in Images of Women
scholars have been quick to read Impressionist Edgar Degas' work as either
misogynistic or as privileging women with agency. Recently, feminist art
history has provoked a rereading of these two main arguments. This essay argues
for the importance of a middle ground because Degas' representations of the
female form are so varied that it is both difficult and problematic to make
conclusions about his perception and subsequent depiction of women. More...
and the Dissolution of the Court in King
considerable critical effort has gone into articulating the nature of King
Lear's tragic flaw, comparatively little has been said regarding the generative
conditions for such a character as the hero of Shakespeare's famously
nihilistic play. This essay aims to situate the plight of the disgraced king
and his ruined court within a larger context of historical forces that
constitutes the background to the play's events and determines the fate of the
kingdom. Guided by the seminal insights of Adorno and
Horkheimer's essay "The Concept of Enlightenment," King Lear is read as a microcosmic
prefiguration of the Frankfurt School philosophers' sweeping, apocalyptic
vision of calculative reason gone mad. More...
Colorless Void: The Cybernetic Synaesthesia of Neil Harbisson
sensory phenomenon known as synaesthesia has
captivated creative individuals since it first entered neuro-scientific
discourse in the last decade of the 19th century. Existing not only neurologically, but as a
metaphorical trope employed by artists and writers, synaesthesia
is the subjective sensation of a sense other than the one being stimulated (for
example, a color evoking a sound). In
the 21st century, contemporary artist Neil Harbisson,
born colorblind, made use of modern cybernetic technology to transcribe the
colorful world around him into sound waves.
This essay argues that Harbisson's digitally
augmented senses have allowed him to become the living embodiment of both
neurological and metaphorical synaesthesia. More...
Imagery: Fight or Flight
the presence of insect imagery in multiple works of Holocaust literature, this
essay argues that the use of these images was a rhetorical strategy perpetuating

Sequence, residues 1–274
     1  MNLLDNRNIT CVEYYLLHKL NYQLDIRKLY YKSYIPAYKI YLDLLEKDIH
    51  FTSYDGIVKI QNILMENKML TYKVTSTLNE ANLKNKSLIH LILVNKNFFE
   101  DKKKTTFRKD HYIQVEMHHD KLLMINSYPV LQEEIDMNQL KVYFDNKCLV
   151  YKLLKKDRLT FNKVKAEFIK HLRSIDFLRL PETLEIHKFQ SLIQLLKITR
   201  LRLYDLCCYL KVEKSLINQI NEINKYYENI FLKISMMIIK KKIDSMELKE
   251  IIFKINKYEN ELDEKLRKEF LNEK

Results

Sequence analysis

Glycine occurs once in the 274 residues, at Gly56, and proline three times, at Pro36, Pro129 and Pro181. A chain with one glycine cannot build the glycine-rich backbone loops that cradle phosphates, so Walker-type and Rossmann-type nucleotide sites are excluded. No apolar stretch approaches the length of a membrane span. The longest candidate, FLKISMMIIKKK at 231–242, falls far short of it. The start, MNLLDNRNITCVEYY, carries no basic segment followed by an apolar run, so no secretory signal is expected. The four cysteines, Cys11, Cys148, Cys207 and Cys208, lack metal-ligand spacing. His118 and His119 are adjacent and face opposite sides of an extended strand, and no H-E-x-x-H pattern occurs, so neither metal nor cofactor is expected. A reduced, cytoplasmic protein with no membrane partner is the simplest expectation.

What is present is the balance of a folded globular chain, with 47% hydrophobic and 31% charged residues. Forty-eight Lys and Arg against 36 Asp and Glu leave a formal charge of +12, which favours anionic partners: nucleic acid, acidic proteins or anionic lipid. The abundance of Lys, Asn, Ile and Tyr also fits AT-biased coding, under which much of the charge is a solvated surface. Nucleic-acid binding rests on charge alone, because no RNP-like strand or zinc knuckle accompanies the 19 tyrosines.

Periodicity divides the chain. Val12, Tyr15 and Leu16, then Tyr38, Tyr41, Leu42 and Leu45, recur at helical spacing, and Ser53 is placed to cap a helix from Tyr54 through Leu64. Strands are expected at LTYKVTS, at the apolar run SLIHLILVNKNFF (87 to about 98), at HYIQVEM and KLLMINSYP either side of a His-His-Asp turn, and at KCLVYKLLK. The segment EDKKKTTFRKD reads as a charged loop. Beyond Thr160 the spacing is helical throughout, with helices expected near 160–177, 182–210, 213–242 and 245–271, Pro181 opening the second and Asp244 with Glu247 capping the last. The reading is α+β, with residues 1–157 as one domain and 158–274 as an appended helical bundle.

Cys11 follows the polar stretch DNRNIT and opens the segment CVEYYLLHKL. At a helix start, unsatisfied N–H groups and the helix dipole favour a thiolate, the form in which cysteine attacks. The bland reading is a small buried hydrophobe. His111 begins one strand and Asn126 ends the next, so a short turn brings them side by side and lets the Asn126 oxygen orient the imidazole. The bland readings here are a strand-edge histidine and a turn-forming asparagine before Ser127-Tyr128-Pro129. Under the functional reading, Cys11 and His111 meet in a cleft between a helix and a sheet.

negative stereotypes of the Jews during World War II. Considering works
published both before and after the Holocaust, insect imagery has detrimental
effects on all subjects, whether Kafka's Gregor or
Andre Schwarz-Bart's Ernie, suggesting the prevalence of this tactic. It
appears as though the motif of people as insects transcends time, always
showing the potential mental anguish caused by the impact of words on a
person's psyche. Only by reversing these depictions from "vermin" to
"victor" can these images represent resiliency rather than defeat. More...
and Time in García Márquez's
Chronicle of a Death Foretold
In his novel Chronicle of a Death Foretold, Gabriel García Márquez creates something far
more expansive than a mere crime solving work of detective fiction. As the
narrator uses the form of a chronicle to organize information, he engages in an
historical inquiry of both the murder of Santiago and the nature of time
itself. Through the chronicle's limited ability to account for the impositions of
past and future, time emerges as an entity and calls into question the linear
segmentation constructed by human beings. However, where some critics interpret
this imposition of the past and future as an indication of predetermination,
this essay maintains that Chronicle affirms personal agency through its
depiction of Angela's letter writing, which asserts the authority of the
present and reassigns meaning to the past and future. More...
Beyond! Winslow Homer and the Gilded Age
Homer (1836-1910) was more than an American painter. With work spanning from
the Civil War through Reconstruction and into the Gilded Age, Homer's art
lends itself to the world of art commentary as an historical
artifact. Homer both critiques his times and ruminates on the nation's future,
and he marries these concerns in his 1896 painting The Lookout-All is Well. By
contextualizing both the beauty and underlying metaphor of Homer's Lookout in terms of the Gilded Age